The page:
In 10 years, I can't remember the last time a rogue bothered with a free item interaction from his subclass. I'm sure it happened. I have no doubt it happened at some point, but, it was so infrequent that removing that would make pretty much zero difference.

So, I have to ask, how often has this come up in your last campaign? Or whenever you've either played (or DM'd a player who had) a rogue character? Would this make even the slightest difference in your game? Because it honestly wouldn't in mine. Until just now, I'd actually completely forgotten that this existed.
I admit, I haven't used it compared to the dash or hide use of the bonus action. I kind of wonder if this has been a problem because people forget that Fast Hands can't be used to activate magic items that require an action (DMG 141)?
 

SkidAce

Legend
Supporter
It sure is… I swear, it feels like November was four days long. Is it just because I’m getting older that time is compressing like this, or do you think there’s a social/cultural element to it? Like, I certainly felt it before 2020 but it seems significantly more extreme since.
Both.

/throws hands up in the air and waves cane before going back into the house from the porch...
 


billd91

Not your screen monkey (he/him)
To me, the single most important thing player-focused change they can make is to the Action Economy. The bonus action has to go. I still have players every session confuse that actions can't be traded for other actions, that bonus action spells can only be cast alongside a cantrip, that the game hits a brick wall regularly when players pause to search their options for a bonus action (that they probably don't have).
I think a lot of this really has to come down to player style. I've got players for whom this is not a problem at all, and a couple for whom it is. But those players with problems are more likely to be the ones looking to squeeze the most out of every combat round's actions anyway no matter what the action economy or D&D edition. That's the way they play every game and they'd be doing it whether or not they could swap action types around.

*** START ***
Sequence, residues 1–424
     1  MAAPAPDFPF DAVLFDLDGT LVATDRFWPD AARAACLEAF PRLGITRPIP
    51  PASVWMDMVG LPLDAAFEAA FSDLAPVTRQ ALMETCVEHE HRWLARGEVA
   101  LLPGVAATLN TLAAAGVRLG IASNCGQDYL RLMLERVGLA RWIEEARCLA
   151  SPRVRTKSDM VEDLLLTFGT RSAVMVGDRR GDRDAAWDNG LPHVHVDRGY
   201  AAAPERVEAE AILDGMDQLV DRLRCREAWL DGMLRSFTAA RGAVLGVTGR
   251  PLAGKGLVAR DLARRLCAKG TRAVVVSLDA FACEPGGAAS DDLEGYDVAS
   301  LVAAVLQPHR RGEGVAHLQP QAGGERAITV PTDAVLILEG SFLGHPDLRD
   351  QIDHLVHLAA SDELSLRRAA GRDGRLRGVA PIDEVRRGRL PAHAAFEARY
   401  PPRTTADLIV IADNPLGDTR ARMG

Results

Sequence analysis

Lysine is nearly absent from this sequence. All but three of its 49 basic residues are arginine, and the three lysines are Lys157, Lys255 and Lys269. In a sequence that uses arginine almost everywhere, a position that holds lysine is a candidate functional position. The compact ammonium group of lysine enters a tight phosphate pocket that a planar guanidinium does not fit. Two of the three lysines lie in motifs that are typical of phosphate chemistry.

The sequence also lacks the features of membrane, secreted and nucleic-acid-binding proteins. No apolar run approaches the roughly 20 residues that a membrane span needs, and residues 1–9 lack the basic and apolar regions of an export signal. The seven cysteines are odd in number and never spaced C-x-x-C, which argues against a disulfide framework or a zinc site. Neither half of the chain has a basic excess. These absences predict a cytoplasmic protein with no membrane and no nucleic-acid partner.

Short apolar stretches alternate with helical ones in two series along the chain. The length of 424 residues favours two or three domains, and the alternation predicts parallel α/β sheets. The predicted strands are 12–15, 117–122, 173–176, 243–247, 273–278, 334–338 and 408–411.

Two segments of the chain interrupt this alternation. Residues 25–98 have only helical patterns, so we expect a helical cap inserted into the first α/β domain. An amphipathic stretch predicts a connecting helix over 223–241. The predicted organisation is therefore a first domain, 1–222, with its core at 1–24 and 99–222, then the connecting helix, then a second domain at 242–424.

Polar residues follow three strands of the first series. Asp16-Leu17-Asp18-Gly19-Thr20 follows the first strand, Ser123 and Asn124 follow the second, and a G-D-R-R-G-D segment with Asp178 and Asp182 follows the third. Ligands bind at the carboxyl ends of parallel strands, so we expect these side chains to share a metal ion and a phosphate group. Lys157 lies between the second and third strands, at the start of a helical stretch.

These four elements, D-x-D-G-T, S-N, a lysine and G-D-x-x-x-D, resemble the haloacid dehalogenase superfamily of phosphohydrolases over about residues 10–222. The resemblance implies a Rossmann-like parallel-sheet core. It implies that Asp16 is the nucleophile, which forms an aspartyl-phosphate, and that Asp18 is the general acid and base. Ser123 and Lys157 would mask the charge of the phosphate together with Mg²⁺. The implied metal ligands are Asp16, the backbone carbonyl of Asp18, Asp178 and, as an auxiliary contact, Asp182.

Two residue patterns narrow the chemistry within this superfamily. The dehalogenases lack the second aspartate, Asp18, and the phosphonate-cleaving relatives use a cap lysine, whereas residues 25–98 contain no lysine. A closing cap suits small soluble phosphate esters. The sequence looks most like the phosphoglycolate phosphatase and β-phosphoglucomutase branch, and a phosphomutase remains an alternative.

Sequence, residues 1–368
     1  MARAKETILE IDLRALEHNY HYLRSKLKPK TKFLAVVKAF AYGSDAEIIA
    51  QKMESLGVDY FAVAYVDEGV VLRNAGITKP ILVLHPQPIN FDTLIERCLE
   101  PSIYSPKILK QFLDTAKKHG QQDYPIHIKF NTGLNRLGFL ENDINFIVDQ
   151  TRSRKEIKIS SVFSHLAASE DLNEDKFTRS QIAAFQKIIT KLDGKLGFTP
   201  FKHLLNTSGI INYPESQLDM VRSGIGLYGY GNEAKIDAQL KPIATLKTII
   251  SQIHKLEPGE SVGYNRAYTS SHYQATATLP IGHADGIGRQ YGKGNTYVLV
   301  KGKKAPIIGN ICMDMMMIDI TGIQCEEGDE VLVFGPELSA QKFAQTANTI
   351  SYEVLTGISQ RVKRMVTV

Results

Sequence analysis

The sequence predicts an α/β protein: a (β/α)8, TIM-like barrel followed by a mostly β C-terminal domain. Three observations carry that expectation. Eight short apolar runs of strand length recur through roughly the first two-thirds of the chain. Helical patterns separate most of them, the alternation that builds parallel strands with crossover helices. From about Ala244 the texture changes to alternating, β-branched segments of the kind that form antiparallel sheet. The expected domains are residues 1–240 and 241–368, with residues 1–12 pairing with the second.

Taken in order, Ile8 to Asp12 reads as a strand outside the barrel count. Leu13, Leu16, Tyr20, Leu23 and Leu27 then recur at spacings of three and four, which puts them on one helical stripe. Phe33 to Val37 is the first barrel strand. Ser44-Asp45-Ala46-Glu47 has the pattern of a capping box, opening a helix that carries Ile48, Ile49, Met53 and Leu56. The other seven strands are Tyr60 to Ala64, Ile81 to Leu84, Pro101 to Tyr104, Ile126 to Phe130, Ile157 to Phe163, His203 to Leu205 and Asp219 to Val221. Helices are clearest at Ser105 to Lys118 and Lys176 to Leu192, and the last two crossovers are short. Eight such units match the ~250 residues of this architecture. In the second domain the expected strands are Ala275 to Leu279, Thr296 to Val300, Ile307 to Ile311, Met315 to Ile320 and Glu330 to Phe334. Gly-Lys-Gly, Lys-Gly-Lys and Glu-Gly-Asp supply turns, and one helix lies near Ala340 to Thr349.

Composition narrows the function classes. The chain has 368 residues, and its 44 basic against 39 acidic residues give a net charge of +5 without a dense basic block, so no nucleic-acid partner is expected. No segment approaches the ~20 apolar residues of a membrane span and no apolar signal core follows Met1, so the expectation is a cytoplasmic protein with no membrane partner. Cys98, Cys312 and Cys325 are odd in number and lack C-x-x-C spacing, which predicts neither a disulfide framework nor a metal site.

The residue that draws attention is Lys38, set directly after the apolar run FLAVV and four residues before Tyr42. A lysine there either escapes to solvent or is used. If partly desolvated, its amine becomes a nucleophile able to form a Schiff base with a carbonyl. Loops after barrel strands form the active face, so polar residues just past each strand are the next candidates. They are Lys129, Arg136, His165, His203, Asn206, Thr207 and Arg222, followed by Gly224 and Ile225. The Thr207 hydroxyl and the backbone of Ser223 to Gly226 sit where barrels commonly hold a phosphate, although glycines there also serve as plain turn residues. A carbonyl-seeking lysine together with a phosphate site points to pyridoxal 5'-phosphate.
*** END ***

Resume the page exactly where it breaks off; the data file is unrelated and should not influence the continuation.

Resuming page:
Vaalingrade

Legend
It sure is… I swear, it feels like November was four days long. Is it just because I’m getting older that time is compressing like this, or do you think there’s a social/cultural element to it? Like, I certainly felt it before 2020 but it seems significantly more extreme since.
Must be you...


<_<

~fondly pets The Device~
 


Remathilis

Legend
I love that these debate ends up the same point and counterpoint.

"WotC doesn't listen to us!"
Did you use the survey to voice your opinion?
"No, even if I did, they'd just ignore it!"
Did you watch the response video where they talked about the results?
"Yeah. It's all spin. It's an echo chamber!"
Maybe it's because you didn't engage with them when they requested feedback?
"No. I think they are out of touch."
 

Azzy

KMF DM
after four elf types with unique racial traits, the 1D elf combined the three subraces into "lineages" which only differ by the free spells known is a regression. Worse, the wood elf became another spellcasting elf type rather than a more physical one. Ideally, I'd like to see three unique sets of racial traits. If that's not doable, then (sigh) combine the wood and high elf and keep drow unique separate.